NYC Pays $1,500,000 to Family of Man Who Screamed ‘I Can’t Breathe’ and Died in Police Custody

Eerily, Stanley Streeter died less than a mile from where Eric Garner took his last breath.

Stanley Streeter, who died in police custody on March 16, 2010, in Staten Island, N.Y. Twitter Screenshot

Four years before Eric Garner died after an altercation with New York City police officers on Staten Island, N.Y., another man also died in the same neighborhood, his last words eerily echoing Garner’s: “I can’t breathe.”

The New York Daily News reports that New York City has agreed to pay $1.5 million to Stanley Streeter’s fiancee to settle a federal lawsuit alleging wrongful death and excessive police force.

The News reports that Streeter’s death occurred March 16, 2010, and went largely unnoticed—unlike the death of Eric Garner, which would bring tens of thousands into the streets of New York to proclaim that Black Lives Matter. Perhaps because Garner’s last breaths were captured on video.

“Like Garner, Stanley screamed that he couldn’t breathe when multiple police officers held him on the ground in a facedown position for 30 minutes while they waited for the Emergency Services Unit,” said lawyer Brett Klein.

“While the Police Department did not mete out any punishment whatsoever for the misconduct in this case, the settlement reflects a small measure of justice and closure for Mr. Streeter’s grieving family,” Klein added.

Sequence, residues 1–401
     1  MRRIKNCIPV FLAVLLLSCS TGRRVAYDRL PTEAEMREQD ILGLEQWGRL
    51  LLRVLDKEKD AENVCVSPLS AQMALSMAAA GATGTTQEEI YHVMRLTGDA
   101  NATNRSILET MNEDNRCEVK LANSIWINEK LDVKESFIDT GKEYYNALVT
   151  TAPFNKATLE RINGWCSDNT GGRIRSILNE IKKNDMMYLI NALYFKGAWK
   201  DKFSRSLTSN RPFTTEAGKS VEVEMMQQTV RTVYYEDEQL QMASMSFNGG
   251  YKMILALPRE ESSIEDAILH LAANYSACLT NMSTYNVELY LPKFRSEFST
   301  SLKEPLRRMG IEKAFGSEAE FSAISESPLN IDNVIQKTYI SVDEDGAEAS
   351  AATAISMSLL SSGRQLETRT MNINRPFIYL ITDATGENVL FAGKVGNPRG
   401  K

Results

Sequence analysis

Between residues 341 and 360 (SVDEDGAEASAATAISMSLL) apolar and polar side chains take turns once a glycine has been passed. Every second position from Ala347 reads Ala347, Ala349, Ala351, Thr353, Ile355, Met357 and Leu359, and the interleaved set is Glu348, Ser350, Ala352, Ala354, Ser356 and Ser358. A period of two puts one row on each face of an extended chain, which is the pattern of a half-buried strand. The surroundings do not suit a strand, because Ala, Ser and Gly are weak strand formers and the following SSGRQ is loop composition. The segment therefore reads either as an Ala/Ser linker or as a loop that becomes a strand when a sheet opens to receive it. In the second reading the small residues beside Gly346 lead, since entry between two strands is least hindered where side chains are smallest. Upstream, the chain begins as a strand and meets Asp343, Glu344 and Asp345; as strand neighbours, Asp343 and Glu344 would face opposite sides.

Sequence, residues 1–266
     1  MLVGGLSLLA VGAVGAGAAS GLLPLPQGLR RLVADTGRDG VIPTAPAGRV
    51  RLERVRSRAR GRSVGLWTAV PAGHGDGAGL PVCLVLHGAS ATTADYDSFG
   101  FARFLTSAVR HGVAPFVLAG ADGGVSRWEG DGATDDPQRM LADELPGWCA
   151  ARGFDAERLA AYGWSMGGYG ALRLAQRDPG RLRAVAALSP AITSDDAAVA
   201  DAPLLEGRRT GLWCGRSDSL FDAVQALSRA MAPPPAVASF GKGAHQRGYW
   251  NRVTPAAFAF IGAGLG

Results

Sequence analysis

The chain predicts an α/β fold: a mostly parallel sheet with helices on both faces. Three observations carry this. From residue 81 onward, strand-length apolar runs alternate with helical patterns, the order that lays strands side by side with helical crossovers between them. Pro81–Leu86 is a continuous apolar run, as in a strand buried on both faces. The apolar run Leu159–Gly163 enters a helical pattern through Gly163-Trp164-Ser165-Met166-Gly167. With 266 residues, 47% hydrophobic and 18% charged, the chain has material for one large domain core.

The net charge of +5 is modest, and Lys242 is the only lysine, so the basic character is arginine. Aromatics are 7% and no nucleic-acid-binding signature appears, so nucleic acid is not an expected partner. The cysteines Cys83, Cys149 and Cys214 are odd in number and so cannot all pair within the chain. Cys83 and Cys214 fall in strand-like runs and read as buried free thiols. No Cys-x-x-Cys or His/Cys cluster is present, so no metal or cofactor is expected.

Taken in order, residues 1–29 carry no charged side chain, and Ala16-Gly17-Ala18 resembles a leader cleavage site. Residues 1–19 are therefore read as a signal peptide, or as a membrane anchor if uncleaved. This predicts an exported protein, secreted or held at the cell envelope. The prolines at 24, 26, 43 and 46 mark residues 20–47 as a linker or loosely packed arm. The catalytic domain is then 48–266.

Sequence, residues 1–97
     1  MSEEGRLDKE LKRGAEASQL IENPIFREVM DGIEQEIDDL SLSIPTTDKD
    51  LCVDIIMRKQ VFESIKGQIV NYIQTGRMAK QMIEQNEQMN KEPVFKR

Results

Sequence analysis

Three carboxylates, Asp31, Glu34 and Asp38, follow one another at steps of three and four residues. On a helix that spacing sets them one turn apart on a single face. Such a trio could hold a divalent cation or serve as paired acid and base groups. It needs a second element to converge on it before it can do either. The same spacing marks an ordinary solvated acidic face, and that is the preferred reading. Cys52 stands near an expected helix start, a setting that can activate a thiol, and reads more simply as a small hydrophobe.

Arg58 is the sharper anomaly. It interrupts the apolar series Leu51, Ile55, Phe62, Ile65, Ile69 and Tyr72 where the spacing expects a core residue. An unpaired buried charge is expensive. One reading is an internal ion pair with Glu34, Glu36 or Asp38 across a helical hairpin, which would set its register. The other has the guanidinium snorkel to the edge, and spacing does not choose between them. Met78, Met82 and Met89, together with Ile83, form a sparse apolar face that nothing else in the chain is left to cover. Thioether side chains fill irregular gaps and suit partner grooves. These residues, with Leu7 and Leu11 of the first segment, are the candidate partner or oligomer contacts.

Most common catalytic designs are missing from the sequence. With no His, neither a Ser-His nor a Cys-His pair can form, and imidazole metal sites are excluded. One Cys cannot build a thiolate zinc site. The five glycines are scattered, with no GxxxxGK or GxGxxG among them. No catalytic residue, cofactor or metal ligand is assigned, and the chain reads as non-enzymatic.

The News reports that Streeter, 36, had suffered a mental breakdown and was being transported from the psychiatric emergency room for treatment of his alarmingly high blood pressure. During the ride, he unbuckled himself from the gurney and stepped out of the ambulance.

The cops claimed that they handcuffed Streeter after an “immense struggle” and needed ESU to respond with a restraining blanket to “bag” him, according to court papers.

A witness, Marvin Liverman, testified in a sworn deposition that Streeter was in distress.

“He just said, ‘I can’t breathe, man, I can’t breathe, I can’t breathe,’” Liverman said, according to a transcript. “There were two police over him; one had his knee on [Streeter’s] lower back and the other one had the knee on his neck.”

The autopsy report noted that Streeter had a broken tooth and blunt-impact injuries, his face was coated with soil, and dirt was found between his teeth and in his eyes.

A federal judge rejected the city’s motion to toss the suit last spring.

“The issue is whether continuing to forcefully restrain Streeter, facedown in a prone position as the minutes ticked away—when the officers were fully aware that Streeter had dangerously high blood pressure and could not breathe—raises an issue of fact as to whether at some point the officers possessed sufficiently culpable mental state” to put the evidence before a jury, wrote Judge Carol Amon in her decision.

A spokesman for the city’s Law Department said that the settlement was in the city’s best interest.

Read more at the New York Daily News.

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